Rolf Harris embraced fans in 'brotherly style', ex-tour manager tells court

Rolf Harris embraced fans in 'brotherly style', ex-tour manager tells court

Rolf Harris embraced children and fans in a "fraternal or brotherly" way, his former tour manager said.

Kenneth Jeacle, tour manager for Harris between the mid-1980s and mid-1990s, was asked by prosecutor Jonathan Rees if he had ever seen Harris pull a young girl or boy onto his lap at an autograph session.

Speaking via video-link from Australia, he told Southwark Crown Court: "Sure I have, but not as you describe it.

"I have seen and witnessed Mr Harris conversing with children at the instigation of the minder at the time, parent or guardian, whatever.

"They would at times be encouraged by their parents to perhaps sit on his knee or perhaps give him a kiss on the cheek, or the parent would ask would he kiss the child, which he would always comply.

"But there were never, shall I say, incidents in my presence that Mr Harris would be the instigator of touching a child and or adult and draw him towards him.

"Mr Harris's attitude in these incidents was always that people would approach him.

"He would then perhaps open his arms and embrace them but in, shall I say, a fraternal or brotherly style or manner."

Asked by Stephen Vullo QC, defending, if he had ever seen Harris act inappropriately with his fans, he replied: "Categorically, never.

"Mr Harris was in my presence constantly respectful of children and parents alike."

Mr Vullo told the jury on Tuesday morning that the entertainer, 87, will not give evidence as part of his defence case.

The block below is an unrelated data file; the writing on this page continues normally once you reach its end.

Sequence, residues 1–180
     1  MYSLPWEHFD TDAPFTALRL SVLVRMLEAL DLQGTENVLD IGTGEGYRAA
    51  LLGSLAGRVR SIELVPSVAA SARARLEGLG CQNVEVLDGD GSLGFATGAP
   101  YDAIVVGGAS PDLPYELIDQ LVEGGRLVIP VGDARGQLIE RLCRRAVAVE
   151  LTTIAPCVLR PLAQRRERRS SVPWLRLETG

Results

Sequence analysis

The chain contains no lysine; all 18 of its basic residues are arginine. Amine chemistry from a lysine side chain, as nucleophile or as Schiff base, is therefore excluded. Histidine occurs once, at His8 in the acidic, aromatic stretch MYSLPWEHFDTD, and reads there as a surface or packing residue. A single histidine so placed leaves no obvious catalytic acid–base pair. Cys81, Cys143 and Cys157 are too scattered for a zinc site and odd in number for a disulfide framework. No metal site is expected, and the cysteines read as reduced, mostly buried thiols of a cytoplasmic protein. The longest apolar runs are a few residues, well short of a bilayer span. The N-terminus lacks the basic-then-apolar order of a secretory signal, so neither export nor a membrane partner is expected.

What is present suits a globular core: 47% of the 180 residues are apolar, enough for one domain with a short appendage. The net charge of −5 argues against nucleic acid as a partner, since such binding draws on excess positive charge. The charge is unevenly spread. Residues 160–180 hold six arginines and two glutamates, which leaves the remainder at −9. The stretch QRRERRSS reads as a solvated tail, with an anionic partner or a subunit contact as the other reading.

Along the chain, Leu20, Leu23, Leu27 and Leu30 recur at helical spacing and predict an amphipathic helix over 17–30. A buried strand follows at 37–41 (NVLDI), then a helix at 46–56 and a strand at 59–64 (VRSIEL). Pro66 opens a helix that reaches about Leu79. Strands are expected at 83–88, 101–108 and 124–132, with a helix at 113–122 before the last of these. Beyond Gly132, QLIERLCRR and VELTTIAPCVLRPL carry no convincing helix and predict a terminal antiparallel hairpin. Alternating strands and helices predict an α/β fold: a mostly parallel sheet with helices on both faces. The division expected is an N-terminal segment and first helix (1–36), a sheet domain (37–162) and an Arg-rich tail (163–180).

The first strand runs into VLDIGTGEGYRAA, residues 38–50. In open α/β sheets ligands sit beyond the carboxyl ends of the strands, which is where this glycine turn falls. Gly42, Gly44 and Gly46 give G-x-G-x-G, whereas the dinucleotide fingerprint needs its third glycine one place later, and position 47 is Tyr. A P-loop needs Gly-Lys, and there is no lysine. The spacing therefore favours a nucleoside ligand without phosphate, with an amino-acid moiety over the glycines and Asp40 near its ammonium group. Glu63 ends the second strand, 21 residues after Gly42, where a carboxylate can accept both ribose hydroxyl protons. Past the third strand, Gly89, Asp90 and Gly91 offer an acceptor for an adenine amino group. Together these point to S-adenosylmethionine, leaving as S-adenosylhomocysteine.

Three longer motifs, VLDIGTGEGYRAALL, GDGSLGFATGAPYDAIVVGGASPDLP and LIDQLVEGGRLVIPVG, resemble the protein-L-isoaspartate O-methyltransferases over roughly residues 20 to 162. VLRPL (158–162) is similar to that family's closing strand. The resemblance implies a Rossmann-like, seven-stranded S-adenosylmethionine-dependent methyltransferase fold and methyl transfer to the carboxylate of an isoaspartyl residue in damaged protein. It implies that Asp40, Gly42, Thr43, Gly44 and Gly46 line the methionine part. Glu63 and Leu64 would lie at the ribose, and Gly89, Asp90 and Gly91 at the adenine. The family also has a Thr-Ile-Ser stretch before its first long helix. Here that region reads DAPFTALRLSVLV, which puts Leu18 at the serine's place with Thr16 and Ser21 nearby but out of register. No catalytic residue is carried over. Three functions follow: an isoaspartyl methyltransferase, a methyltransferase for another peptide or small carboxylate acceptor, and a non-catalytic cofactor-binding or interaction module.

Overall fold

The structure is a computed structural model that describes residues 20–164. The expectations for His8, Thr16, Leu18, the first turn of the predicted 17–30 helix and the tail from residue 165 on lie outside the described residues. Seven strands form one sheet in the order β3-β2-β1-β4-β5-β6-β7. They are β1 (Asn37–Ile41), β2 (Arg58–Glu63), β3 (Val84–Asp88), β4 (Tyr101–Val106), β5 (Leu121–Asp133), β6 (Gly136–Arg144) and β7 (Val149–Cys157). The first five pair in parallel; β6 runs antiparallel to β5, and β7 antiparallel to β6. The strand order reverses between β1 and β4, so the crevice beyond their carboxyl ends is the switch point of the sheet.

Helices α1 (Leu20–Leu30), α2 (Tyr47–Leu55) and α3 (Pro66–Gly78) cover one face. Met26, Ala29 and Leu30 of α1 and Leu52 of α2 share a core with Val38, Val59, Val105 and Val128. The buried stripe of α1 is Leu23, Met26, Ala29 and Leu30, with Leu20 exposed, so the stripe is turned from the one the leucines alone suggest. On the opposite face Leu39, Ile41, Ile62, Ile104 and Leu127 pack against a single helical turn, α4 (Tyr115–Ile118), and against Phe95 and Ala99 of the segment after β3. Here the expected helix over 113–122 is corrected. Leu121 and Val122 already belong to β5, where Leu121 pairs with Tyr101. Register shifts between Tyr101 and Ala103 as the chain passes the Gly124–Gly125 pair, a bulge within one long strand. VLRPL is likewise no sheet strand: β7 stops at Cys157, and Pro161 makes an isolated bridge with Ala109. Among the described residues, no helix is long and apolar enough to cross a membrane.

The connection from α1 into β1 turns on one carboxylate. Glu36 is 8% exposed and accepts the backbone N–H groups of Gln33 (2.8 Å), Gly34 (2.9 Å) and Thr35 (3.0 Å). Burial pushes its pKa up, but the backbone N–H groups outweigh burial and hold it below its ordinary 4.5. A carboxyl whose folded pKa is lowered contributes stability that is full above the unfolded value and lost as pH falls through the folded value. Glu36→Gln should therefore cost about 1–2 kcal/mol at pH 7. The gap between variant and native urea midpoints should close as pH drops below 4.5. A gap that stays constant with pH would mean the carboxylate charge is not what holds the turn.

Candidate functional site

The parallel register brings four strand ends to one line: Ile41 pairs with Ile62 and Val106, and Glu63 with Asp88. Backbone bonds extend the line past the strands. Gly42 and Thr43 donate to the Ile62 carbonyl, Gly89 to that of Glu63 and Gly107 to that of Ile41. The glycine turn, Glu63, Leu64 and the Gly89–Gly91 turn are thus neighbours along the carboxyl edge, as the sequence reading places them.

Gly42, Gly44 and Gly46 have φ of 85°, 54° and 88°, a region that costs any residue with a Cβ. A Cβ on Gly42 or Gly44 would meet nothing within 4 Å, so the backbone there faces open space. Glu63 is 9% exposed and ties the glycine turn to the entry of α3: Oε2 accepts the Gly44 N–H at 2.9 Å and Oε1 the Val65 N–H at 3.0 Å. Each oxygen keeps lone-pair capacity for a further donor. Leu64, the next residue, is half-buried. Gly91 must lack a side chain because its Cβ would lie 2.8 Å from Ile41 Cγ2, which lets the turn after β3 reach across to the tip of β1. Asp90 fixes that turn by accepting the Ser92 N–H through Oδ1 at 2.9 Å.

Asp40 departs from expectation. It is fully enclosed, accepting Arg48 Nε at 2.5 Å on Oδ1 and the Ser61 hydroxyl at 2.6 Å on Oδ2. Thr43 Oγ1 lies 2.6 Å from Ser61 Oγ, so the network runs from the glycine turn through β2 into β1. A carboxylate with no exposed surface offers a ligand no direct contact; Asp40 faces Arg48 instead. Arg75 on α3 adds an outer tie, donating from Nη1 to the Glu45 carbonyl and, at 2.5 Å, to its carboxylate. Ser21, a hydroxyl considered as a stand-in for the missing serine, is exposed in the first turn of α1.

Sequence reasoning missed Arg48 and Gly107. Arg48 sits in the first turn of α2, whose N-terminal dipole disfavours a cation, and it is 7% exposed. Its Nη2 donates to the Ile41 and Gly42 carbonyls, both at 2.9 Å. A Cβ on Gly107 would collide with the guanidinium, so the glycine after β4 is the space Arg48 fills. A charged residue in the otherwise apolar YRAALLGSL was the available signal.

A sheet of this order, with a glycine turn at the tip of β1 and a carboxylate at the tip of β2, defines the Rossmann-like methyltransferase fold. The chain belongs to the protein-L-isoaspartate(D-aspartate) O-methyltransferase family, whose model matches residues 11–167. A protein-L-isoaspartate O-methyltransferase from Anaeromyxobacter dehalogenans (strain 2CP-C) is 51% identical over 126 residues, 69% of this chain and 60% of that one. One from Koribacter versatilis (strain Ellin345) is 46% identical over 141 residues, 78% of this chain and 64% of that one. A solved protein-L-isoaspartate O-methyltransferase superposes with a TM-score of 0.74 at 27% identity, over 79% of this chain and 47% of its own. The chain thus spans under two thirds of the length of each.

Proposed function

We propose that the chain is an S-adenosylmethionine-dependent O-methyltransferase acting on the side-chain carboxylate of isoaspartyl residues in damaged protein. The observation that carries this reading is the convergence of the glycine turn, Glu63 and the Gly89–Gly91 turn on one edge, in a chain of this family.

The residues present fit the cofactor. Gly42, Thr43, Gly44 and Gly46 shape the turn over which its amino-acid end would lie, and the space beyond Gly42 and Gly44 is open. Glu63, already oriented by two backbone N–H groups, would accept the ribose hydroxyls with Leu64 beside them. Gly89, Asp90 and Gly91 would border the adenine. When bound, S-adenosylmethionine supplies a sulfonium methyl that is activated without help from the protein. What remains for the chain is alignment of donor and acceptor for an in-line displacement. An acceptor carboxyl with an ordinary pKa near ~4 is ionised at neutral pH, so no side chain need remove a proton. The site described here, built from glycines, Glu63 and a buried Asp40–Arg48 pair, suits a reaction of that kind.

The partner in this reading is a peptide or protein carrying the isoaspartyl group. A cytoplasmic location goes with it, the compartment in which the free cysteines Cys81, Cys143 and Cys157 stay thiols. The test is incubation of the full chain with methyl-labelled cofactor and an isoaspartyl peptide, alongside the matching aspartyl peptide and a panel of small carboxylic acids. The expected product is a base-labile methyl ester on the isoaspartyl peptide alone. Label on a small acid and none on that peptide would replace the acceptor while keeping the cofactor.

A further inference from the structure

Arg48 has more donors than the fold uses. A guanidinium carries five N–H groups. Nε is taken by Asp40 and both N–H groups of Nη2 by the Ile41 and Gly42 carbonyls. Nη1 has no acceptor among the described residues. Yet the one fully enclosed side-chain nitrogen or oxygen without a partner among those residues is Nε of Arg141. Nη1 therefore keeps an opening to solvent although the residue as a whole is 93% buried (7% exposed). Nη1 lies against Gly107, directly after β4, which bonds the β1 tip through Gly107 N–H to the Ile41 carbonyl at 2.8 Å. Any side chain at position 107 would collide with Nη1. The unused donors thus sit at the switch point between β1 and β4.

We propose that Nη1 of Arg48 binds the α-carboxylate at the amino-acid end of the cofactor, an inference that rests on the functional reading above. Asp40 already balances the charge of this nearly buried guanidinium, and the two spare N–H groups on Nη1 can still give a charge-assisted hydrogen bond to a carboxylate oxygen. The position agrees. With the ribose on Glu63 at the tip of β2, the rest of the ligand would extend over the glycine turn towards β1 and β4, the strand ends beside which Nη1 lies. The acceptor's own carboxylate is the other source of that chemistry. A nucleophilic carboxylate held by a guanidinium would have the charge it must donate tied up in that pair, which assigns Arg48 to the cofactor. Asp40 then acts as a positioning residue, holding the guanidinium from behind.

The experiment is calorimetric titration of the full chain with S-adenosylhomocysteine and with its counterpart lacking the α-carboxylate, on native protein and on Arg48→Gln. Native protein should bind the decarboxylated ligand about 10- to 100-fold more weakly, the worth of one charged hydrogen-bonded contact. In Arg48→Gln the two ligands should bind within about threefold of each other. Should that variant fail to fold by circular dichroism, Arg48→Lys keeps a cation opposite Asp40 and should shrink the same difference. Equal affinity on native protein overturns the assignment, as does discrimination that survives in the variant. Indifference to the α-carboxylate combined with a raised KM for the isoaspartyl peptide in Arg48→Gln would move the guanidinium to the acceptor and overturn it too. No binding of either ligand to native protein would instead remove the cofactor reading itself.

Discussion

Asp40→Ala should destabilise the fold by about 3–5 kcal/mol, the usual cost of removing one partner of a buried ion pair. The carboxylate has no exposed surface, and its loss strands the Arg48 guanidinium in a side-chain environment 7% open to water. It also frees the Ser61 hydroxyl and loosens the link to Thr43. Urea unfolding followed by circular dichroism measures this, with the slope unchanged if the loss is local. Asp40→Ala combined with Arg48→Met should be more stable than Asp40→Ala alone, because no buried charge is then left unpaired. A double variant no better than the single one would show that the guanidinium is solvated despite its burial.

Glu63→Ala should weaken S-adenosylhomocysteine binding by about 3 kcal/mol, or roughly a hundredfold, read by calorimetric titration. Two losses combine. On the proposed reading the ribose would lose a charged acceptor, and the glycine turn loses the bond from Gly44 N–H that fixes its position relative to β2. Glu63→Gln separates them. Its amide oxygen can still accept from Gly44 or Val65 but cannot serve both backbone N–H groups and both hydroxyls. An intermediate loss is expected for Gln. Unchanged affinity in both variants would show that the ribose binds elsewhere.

He denies four charges of indecent assault against three women between 1971 and 1983.

The Australia-born former television star sat in the dock with a hearing aid for the second time since he was freed from HMP Stafford on Friday.

One of Harris's alleged victims claims when she approached him for an autograph aged 14 at an event at the Lyceum Theatre in 1971 he used both hands to pull her onto his lap.

The musician and artist is also accused of twice groping a third teenage girl after being paid £100 to appear on ITV celebrity show Star Games in 1978, and telling her she was "a little bit irresistible", the court heard.

And it is alleged he touched a 13-year-old girl's breast after filming BBC children's TV programme Saturday Superstore in 1983, and asked her "do you often get molested on a Saturday morning?", the court heard.

David Patience, for the defence, read out a list of statements from people who attended the three events the complainants allege they were assaulted at. Many of them denied seeing or hearing anybody upset or anything of concern taking place.

One included a girl who met Harris at the 1971 music event and said he had put his arm around her waist as he signed her autograph book, adding: "I must stress it was not inappropriate", the court heard.

Mr Patience also quoted ex-EastEnders actress Rula Lenska, who attended the Star Games show, as saying: "I can say, hand on heart, I never witnessed anything untoward or suspicious."

Another girl, who was five years old when the "It's A Knockout"-style event took place, said Harris had sat down next to her on a bench.

He was "incredibly sweet" and "perfectly lovely", she said, recalling a brief memory of the Aussie star laughing and giving her a cartoon, the court heard.

Statements from two boys who attended the filming of Saturday Superstore were also read to the jury.

One recalled Harris as being a "very nice fella", Mr Patience said, while another remembered him being a "perfect gentleman".

Brian Venner, who worked at production company Trans World International and came up with the idea for Star Games, said there would have been security in place to prevent members of the general public from mixing with the star competitors.

He also said that there would have been no need for taxis to ferry celebrities around the event as the area "basically was a patch of grass".

One of the alleged assaults is said to have taken place in a taxi at the event.

Asked if it had come to his attention that anything untoward had happened, he said: "From my recollection nothing untoward happened".

Mr Venner waved to Harris in the dock as he left the courtroom.

The trial continues.

PA

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